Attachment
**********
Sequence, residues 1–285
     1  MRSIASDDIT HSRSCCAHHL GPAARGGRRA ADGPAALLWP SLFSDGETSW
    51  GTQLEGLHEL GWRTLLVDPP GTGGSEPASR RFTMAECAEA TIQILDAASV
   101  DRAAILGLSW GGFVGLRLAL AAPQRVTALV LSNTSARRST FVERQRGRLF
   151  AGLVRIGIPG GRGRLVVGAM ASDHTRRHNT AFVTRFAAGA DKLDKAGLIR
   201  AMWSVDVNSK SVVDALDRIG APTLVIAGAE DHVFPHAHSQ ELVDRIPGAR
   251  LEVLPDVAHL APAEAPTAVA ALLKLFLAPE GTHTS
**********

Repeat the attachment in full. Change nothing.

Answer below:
Sequence, residues 1–285
     1  MRSIASDDIT HSRSCCAHHL GPAARGGRRA ADGPAALLWP SLFSDGETSW
    51  GTQLEGLHEL GWRTLLVDPP GTGGSEPASR RFTMAECAEA TIQILDAASV
   101  DRAAILGLSW GGFVGLRLAL AAPQRVTALV LSNTSARRST FVERQRGRLF
   151  AGLVRIGIPG GRGRLVVGAM ASDHTRRHNT AFVTRFAAGA DKLDKAGLIR
   201  AMWSVDVNSK SVVDALDRIG APTLVIAGAE DHVFPHAHSQ ELVDRIPGAR
   251  LEVLPDVAHL APAEAPTAVA ALLKLFLAPE GTHTS